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Trump Presides Over Signing of Israel-Arab States Peace Deal That He Brokered

'We’re here this afternoon to change the course of history...'

(Headline USA) Declaring “the dawn of a new Middle East,” President Donald Trump on Tuesday signed historic diplomatic pacts with Israel and two Gulf Arab nations that he hopes will lead to a new order in the Mideast and cast him as a peacemaker at the height of his reelection campaign.

Hundreds of people massed on the sun-washed South Lawn to witness the signing of agreements between Israel and the United Arab Emirates and Bahrain. The bilateral agreements formalize the normalization of the Jewish state’s thawing relations with the two Arab nations in line with their common opposition to Iran and its aggression in the region.

“We’re here this afternoon to change the course of history,” Trump said from a balcony overlooking the South Lawn. “After decades of division and conflict, we mark the dawn of a new Middle East.”

The agreements do not address the decades-long Israeli-Palestinian conflict. While the UAE, Bahrain and other Arab countries support the Palestinians, the Trump administration has persuaded the two countries not to let that conflict keep them from having normal relations with Israel.

The agreements won’t end active wars, but supporters believe they could pave the way for a broader Arab-Israeli rapprochement after decades of enmity and only two previous peace deals. Liberal website Vox called the agreement with UAE “a big win for Trump.”

During the ceremony, Emirati Foreign Minister Sheikh Abdullah bin Zayed Al Nahyan, the brother of Abu Dhabi’s powerful crown prince, thanked Israel for “halting the annexation of Palestinian territories.”

“Today, we are already witnessing a change in the heart of the Middle East — a change that will send hope around the world,” al-Nahyan said.

President Donald Trump, center, with from left, Bahrain Foreign Minister Khalid bin Ahmed Al Khalifa, Israeli Prime Minister Benjamin Netanyahu, Trump, and United Arab Emirates Foreign Minister Abdullah bin Zayed al-Nahyan/AP Photo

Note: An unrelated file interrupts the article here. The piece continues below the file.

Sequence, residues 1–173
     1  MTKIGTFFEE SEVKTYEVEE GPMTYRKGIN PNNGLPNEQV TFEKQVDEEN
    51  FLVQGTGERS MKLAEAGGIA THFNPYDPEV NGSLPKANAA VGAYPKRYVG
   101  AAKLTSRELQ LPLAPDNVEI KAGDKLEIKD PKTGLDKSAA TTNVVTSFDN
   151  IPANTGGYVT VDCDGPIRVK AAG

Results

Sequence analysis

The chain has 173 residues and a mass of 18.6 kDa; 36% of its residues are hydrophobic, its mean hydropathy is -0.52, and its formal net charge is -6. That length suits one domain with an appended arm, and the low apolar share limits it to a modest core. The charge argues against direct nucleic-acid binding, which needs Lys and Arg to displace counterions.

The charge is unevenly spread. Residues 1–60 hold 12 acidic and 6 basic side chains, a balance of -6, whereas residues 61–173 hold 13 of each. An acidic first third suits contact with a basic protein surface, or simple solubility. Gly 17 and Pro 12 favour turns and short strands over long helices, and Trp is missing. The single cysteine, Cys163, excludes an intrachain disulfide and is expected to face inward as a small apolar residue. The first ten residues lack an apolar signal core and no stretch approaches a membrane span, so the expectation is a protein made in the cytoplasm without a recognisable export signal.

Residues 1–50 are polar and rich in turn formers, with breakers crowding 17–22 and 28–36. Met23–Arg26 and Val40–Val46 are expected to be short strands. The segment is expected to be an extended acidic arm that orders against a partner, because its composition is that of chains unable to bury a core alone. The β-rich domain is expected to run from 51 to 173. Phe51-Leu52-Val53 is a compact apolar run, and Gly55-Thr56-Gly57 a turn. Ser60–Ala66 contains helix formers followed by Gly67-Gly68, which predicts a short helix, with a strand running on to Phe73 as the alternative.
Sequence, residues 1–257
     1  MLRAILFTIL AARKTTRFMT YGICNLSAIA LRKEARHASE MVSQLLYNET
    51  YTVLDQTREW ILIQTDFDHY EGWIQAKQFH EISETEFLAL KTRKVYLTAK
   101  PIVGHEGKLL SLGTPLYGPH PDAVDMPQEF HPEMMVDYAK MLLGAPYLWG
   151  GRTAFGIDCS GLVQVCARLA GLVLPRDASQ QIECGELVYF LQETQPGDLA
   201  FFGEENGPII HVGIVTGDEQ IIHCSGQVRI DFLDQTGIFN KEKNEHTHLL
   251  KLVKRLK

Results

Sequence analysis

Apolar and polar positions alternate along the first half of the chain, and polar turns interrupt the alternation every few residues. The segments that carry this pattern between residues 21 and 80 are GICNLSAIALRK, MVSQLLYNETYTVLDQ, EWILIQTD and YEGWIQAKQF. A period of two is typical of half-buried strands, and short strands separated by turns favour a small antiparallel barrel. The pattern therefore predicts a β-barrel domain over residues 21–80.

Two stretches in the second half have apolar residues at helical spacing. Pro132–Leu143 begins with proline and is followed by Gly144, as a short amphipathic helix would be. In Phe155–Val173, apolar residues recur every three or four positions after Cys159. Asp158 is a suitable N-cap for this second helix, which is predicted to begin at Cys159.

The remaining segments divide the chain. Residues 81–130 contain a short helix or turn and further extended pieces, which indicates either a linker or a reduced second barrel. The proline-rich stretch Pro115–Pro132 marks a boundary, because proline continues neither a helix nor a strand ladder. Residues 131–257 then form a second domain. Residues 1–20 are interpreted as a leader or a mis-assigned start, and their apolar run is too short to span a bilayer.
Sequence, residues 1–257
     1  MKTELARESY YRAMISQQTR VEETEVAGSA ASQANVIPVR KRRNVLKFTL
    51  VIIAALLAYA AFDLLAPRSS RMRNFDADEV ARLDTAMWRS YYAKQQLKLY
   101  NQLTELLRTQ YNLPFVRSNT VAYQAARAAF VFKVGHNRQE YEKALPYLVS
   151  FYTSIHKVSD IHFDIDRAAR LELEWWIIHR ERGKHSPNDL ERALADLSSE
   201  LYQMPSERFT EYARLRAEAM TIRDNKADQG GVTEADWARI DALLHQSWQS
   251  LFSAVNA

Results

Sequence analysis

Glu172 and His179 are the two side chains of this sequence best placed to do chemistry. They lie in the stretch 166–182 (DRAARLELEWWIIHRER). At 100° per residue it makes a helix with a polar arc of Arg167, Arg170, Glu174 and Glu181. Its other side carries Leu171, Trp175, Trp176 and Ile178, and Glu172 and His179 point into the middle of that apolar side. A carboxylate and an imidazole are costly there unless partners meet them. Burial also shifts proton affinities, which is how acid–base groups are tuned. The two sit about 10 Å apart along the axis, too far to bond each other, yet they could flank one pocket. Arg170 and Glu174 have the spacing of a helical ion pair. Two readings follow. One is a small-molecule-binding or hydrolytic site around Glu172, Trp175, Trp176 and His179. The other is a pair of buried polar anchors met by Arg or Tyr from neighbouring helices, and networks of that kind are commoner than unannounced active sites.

Even the harshest critics have allowed that the agreements could usher in a major shift in the region should other Arab nations, particularly Saudi Arabia, follow suit, with implications for Iran, Syria and Lebanon. Other Arab countries believed to be close to recognizing Israel include Oman, Sudan and Morocco.

“We are very down the road with about five different countries,” Trump told reporters before the ceremony.

In addition to the bilateral agreements signed by Israel, the UAE and Bahrain, all three are signing a document dubbed the “Abraham Accords” after the patriarch of the world’s three major monotheistic religions.

“This day is a pivot of history,” Netanyahu said. “It heralds a new dawn of peace.”

“Despite the many challenges and hardships that we all face — despite all that, let us pause a moment to appreciate this remarkable day.”

The Palestinians have not embraced the U.S. vision. Palestinian activists held small demonstrations Tuesday inthe West Bank and in Gaza, where they trampled and set fire to pictures of Trump, Netanyahu and the leaders of the UAE and Bahrain.

In Israel, where the accords have received widespread acclaim, there is concern they might result in U.S. sales of sophisticated weaponry to the UAE and Bahrain, thus potentially upsetting Israel’s qualitative military edge in the region.

Trump said he is OK with selling military aircraft to the UAE. House Speaker Nancy Pelosi also welcomed the agreements but said she wants to learn details, specifically what the Trump administration has told the UAE about buying American-made F-35 aircraft and about Israel agreeing to freeze efforts to annex portions of the West Bank.

Bahrani Foreign Minister Abdullatif al-Zayani said Bahrain would stand with the Palestinians. “Today is a truly historic occasion,” he said. “A moment for hope and opportunity.”

Bahrain’s largest Shiite-dominated opposition group, Al-Wefaq, which the government ordered dissolved in 2016 amid a yearslong crackdown on dissent, said there is widespread rejection of normalization. Al-Wefaq said in a statement that it joins other Bahrainis who reject the agreement to normalize ties with the “Zionist entity,” and criticized the government for crushing the public’s ability to express opinions “to obscure the extent of discontent” at normalization.

The ceremony follows months of intricate diplomacy headed by Jared Kushner, Trump’s son-in-law and senior adviser, and the president’s envoy for international negotiations, Avi Berkowitz. On Aug. 13, the Israel-UAE deal was announced. That was followed by the first direct commercial flight between the countries, and then the Sept. 11 announcement of the Bahrain-Israel agreement.

Adapted from reporting by Associated Press.

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